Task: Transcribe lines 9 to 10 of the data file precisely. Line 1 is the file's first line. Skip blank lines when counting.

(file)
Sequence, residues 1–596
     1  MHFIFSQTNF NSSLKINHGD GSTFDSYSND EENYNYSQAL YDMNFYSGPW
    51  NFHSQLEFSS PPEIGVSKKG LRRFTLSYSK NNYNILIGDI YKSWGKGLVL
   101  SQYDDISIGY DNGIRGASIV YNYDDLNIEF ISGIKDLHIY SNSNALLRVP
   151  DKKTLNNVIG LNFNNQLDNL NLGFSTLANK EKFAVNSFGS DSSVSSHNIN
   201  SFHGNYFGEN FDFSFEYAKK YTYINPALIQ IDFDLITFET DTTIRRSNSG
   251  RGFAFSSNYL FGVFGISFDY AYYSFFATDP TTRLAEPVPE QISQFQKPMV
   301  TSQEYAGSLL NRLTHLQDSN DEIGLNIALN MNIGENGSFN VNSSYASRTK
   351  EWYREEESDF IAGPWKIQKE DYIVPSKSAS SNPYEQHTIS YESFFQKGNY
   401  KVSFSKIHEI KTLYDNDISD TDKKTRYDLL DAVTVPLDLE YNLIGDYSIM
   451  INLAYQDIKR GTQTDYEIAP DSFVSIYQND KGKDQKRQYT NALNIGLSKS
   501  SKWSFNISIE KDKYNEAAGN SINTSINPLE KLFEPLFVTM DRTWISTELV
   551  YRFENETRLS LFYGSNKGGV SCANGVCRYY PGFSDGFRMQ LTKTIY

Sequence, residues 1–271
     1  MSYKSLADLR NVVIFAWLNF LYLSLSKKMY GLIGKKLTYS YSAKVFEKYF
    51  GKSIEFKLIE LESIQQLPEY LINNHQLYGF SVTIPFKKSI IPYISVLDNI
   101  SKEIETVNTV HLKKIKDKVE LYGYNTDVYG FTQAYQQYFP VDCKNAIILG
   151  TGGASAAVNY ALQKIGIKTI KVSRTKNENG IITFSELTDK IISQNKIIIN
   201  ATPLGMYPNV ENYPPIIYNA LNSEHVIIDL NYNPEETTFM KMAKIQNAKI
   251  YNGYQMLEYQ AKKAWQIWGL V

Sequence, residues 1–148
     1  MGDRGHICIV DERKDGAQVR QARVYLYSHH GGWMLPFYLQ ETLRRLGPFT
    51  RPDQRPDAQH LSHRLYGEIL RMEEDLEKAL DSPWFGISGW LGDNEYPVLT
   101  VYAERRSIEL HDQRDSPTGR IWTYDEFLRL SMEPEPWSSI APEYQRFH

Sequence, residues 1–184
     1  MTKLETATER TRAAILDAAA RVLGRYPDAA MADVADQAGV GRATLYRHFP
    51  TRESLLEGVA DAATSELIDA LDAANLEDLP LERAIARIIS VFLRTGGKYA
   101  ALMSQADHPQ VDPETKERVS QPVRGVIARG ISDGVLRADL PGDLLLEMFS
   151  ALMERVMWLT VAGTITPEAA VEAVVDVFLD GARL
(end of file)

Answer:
   351  EWYREEESDF IAGPWKIQKE DYIVPSKSAS SNPYEQHTIS YESFFQKGNY
   401  KVSFSKIHEI KTLYDNDISD TDKKTRYDLL DAVTVPLDLE YNLIGDYSIM